Setting Up A Snort IDS on Debian Linux
NOTE: There is no Snort package in Jessie (8.x) or Acidbase package in 7.x or 8.x. However,
OSDisc.com has agreed to continue offering the Squeeze (6.0) DVD set if you want to set up a Snort IDS.
The material on this page was prepared using Lenny (5.0)
configured using our Installation and Packages pages.
If you did not use our pages to set up your system, what you
encounter on your system may be different than what is given here.
Malicious network traffic (such as worms, hacking attempts, etc.) has certain patterns to it. You could monitor your network traffic with a sniffer and look for this malicious traffic manually but that would be an impossible task. Enter IDS (Intrusion Detection System) software which automates the process of sniffing, examining, and upon finding something suspicious, alerting.
IDS has been called the burglar alarm of computer networks and is an important part of network perimeter security. WIthout an IDS you have no idea if someone is probing or attacking your servers (unless the attack is so overwhelming that it results in a denial of service). Having this information can let you know if you need to make some firewall changes or harden the OS on a particular server a bit more.
You may see the term IPS for Intrusion Prevention Systems which takes things one step further, having the IDS adjust the firewall when it discovers something. Smart people disagree on the use of IPSs as it, in effect, gives an attacker some control of your firewall.
Snort (www.snort.org) is the most widely-used IDS software applicaton and it's open source and included with Debian. There are two flavors of IDSs, host-based and network-based. Snort is a network-based IDS that can monitor all of the traffic on a network link to look for suspicious traffic. Typically, a network-based IDS is set up to monitor a DMZ or the internal network right behind the firewall so it alerts to any possible threats that your firewall didn't catch.
There is a Web interface that works with Snort called BASE (Basic Analysis and Security Engine) which is based on ACID (Analysis Console for Intrusion Databases) which we'll set up. BASE uses what's commonly referred to as a LAMP server (Linux, Apache, MySQL, PHP) so we'll need to install those applications as well.
Because LAMP servers tend to attract hackers we'll want to put the Snort box on an internal network but this requires setting up your Snort box with two NICs. One NIC is connected to your internal network with an appropriate IP address for that network (like 172.24.1.20). This internal address is the one we point our Web browsers at when we want to look at the BASE Web pages. The other NIC does NOT have an IP address. It plugs into whatever network segment you want to monitor, like your DMZ or even your Interent segment outside of your firewall. Snort puts this NIC into promiscuous mode so it can snort up all the traffic it sees (basically it's Snort's snout). By not putting an IP address on Snort's promiscuous NIC you can get away with plugging this NIC into a DMZ link or even outside of your firewall (on your Internet link).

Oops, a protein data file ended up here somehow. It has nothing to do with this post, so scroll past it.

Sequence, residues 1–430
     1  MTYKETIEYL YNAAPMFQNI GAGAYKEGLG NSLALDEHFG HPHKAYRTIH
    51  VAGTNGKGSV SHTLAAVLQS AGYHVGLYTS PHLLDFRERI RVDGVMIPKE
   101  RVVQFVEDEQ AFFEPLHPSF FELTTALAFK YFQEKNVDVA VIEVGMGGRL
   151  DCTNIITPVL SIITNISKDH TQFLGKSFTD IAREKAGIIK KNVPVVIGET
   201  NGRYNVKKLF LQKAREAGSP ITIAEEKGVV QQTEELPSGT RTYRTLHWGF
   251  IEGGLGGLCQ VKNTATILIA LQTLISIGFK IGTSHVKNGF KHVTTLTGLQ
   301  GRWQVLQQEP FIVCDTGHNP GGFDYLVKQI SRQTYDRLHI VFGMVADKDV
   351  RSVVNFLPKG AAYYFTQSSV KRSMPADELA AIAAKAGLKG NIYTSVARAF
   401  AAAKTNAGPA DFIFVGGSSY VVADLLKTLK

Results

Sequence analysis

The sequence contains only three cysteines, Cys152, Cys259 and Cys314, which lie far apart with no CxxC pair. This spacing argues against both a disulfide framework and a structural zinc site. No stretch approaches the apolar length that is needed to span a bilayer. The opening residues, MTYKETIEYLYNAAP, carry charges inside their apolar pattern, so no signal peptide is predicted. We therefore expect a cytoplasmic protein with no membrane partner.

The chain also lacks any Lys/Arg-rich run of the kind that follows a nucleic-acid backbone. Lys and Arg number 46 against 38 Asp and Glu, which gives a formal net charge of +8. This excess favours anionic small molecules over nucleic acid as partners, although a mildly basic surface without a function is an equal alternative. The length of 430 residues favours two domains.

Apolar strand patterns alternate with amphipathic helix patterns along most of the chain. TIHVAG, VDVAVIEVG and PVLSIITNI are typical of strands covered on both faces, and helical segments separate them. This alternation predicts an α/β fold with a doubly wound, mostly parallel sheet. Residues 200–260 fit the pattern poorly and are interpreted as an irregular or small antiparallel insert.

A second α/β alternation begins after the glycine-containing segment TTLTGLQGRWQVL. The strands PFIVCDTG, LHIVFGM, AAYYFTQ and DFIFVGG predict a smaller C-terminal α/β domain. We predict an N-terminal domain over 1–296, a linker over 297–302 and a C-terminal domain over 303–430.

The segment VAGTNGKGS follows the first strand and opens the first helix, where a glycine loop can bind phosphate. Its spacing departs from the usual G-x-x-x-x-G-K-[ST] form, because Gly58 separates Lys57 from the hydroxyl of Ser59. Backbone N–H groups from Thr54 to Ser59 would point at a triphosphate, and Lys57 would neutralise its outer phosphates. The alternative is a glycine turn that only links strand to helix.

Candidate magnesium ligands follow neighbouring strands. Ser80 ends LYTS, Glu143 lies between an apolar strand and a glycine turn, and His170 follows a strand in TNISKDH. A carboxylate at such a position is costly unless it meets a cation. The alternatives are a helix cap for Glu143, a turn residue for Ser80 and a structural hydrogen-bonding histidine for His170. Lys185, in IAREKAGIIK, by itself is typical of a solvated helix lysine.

On this page we assigned an address to the eth0 interface and we'll be using eth1 as the promiscuous interface. Adjust these values for your system as necessary.
Connecting the promiscuous NIC into the segment you want to monitor is not as easy as just plugging it into a switch port. Because switches segment each port into it's own little collision domain, if you do plug the promiscuous NIC into a switch port it'll only see broadcast traffic. You need to either tap into the link you want to monitor using a hub, or you have to do port spanning on your switch. If you're interested in monitoring traffic coming in from the Internet, given that most Internet (broadband) connections are less than 10 megabit you can pick up an old 4-port 10-meg hub on eBay to tap into this link. (Just make sure you're getting a hub as many people use the terms hub and switch interchangeably.) If you want to monitor traffic on your internal network, you could configure port spanning on your switch. Port spanning simply takes all of the traffic on one or more switch ports and duplicates it to a span port that has a monitoring device connected. Consult your switch documentation on how to set this up.If you run the Debian installer with two NICs installed in the system, it will let you choose if you want to configure eth0 or eth1 with an IP address. However, this necessitates that you use the netcfg/disable_dhcp=true switch when you start the Debian installation. (We specify using this switch on our Installation page.) If you have more than one brand of NIC to choose from it'll make your life a little easier if you use NICs by two different manufacturers as it will be easier to determine which NIC Debian designates as the eth0 interface and which NIC is designated as the eth1 interface.